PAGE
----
I have some thoughts that I will share in the conclusion. First, let us do our regular update of the last week’s news and data. Readers, especially those new to this series, will benefit from reading the background information.

Last Week’s Data

Each week I break down events into good and bad. Often there is “ugly” and on rare occasion something really good. My working definition of “good” has two components:

  1. The news is market-friendly. Our personal policy preferences are not relevant for this test. And especially — no politics.
  2. It is better than expectations.

The Good

It was a big week for data including plenty of good news.

  • Rail traffic growth is strong. Todd Sullivan notes that it could involve some catching up from weather effects, but the growth is quite large and unusual to see this early in the year. See Todd’s post for full discussion and charts.
  • Auto sales are strong, bouncing back more than expected and 81% over the recession lows. Ford F-150 sales, a good indicator for small business and construction, had the highest March total in seven years. See the Bespoke story and their helpful charts. Scott Grannis has a full discussion along with this chart:

  • High frequency indicators were positive. New Deal Democrat covers a wide array of consumption, sentiment and monetary measures in his “spring rebound” account.
  • ISM manufacturing and service reports showed expansion. The levels were not exceptionally strong, but internals showed strength in new orders and employment. (See Steven Hansen at GEI for ISM services and also for manufacturing).
  • Employment news. I am scoring the employment story as positive, even though the indicators – initial claims, ADP private employment, and payroll employment – were all slightly worse than the published expectations. These are all noisy series, so a few thousand less than the consensus guess does not mean much. The results all confirmed the more recent job trends, which were clearly better than the preceding “soft patch.” Most importantly, the market treated the results as positive, and that my working definition of good is “market-friendly.” For now, good news is good. Here are some highlights:
    • Private job growth has been very solid – enough by itself to reduce the overall unemployment rate;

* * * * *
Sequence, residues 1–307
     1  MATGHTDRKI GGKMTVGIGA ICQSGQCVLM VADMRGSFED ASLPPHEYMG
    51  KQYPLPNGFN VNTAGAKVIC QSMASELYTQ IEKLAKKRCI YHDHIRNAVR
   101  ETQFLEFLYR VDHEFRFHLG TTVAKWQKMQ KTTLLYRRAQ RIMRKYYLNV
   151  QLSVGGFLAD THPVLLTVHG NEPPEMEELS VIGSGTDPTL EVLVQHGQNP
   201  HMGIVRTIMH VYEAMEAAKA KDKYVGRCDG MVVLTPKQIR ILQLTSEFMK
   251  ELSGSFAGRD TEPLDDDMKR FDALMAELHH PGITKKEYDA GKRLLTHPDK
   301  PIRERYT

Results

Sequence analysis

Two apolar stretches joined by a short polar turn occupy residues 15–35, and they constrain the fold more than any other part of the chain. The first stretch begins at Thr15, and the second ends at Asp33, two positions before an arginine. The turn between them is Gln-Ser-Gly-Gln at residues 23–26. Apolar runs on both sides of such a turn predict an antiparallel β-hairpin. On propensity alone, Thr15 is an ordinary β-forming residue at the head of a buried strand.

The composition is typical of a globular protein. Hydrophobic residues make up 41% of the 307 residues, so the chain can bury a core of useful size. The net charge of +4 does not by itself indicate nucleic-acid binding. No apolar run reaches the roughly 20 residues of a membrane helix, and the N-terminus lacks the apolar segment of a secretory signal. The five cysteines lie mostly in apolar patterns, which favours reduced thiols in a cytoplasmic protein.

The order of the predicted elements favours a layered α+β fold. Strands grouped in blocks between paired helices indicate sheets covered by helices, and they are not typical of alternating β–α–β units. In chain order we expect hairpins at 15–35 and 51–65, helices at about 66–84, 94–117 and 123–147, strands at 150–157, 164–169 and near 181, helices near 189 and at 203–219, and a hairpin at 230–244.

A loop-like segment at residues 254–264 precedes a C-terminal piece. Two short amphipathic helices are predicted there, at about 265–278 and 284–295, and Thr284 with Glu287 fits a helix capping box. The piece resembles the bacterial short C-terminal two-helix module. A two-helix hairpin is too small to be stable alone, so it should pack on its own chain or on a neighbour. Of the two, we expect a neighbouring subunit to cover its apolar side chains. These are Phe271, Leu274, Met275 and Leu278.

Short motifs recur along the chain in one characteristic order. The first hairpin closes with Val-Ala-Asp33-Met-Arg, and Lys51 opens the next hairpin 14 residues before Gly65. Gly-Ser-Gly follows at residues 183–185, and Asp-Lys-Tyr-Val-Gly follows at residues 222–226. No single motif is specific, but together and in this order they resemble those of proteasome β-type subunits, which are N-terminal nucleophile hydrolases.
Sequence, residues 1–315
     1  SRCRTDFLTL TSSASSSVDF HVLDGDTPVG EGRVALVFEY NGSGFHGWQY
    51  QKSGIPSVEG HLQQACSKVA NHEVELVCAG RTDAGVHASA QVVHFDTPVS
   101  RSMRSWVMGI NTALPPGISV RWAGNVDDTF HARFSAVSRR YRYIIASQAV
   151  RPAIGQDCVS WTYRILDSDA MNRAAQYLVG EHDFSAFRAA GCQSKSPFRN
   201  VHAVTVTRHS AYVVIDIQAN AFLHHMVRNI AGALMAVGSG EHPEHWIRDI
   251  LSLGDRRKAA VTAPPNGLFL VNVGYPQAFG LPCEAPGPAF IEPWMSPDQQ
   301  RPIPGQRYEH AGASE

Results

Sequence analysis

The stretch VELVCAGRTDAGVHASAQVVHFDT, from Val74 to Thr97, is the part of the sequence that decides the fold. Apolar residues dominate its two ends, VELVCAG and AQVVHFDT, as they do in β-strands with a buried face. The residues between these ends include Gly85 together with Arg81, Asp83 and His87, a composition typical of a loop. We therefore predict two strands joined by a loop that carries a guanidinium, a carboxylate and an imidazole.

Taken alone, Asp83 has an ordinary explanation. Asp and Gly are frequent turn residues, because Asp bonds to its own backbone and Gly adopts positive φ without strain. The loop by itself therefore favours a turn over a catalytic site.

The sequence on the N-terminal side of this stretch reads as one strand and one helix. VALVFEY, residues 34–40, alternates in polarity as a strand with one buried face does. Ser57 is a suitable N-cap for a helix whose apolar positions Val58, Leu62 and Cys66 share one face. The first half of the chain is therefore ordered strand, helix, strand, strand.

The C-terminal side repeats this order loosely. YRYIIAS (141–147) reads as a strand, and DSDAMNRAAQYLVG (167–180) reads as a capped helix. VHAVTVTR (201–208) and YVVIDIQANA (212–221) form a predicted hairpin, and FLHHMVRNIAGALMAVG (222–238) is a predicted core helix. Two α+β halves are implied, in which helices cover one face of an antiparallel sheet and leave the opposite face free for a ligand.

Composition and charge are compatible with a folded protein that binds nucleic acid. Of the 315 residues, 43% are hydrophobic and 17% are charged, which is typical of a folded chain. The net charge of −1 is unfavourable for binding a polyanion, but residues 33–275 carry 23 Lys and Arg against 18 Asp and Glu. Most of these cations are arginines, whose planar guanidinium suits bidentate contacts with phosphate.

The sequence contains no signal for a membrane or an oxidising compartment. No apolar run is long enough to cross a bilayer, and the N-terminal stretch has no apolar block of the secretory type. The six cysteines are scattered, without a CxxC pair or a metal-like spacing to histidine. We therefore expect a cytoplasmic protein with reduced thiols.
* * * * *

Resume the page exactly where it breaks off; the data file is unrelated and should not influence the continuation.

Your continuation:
• Labor force participation has improved without increasing the unemployment rate;
    • Hours worked has also improved, suggesting more job gains ahead;
    • Improvement in full-time jobs.

    There were a couple of negative aspects to the report:

    • The hourly wage down-ticked by one cent. We need to see wage improvement;
    • The overall level of employment is still disappointing, especially for this point in a recovery;
    • Far too many people are still under-employed.

    The Fed has acknowledged the complexity of the employment news, abandoning the unemployment rate guideline for a more complex picture. Dwaine Van Vuuren has created the “Yellen Dashboard.” This will rapidly become the best place to see a summary of what the Fed is considering. Here is the current look, suggesting a tightening in 2016:

The Bad

There was also some bad news.

  • Technical indicators are more negative. I always enjoy the market updates from Charles Kirk (small membership fee required), especially his weekly chart show. His objective and flexible approach changes with the evidence and helps traders see what to watch for. Charles notes an uncertain situation with the failure of some bullish setups and a threat to the uptrend. This one-sentence summary cannot do justice to his explanation, so take a look. (Also compare with Felix’s insights for traders, below).
  • Investors emphasizing low risk in retirement savings. Putting aside the wisdom of the individual choice, this is a drag on markets. Gallup has poll results showing the emphasis on caution. We should note the sharp contrast with some of the trading-style sentiment polls.
  • Earnings warnings are at near-record levels. According to MarketWatch, there have been negative pre-announcements from 93 out of 111 companies. Here is the key chart:

  • China’s growth is slowing. Ed Yardeni has the update on the China PMI data – positive, but lower than expected or hoped for. Here is the key chart: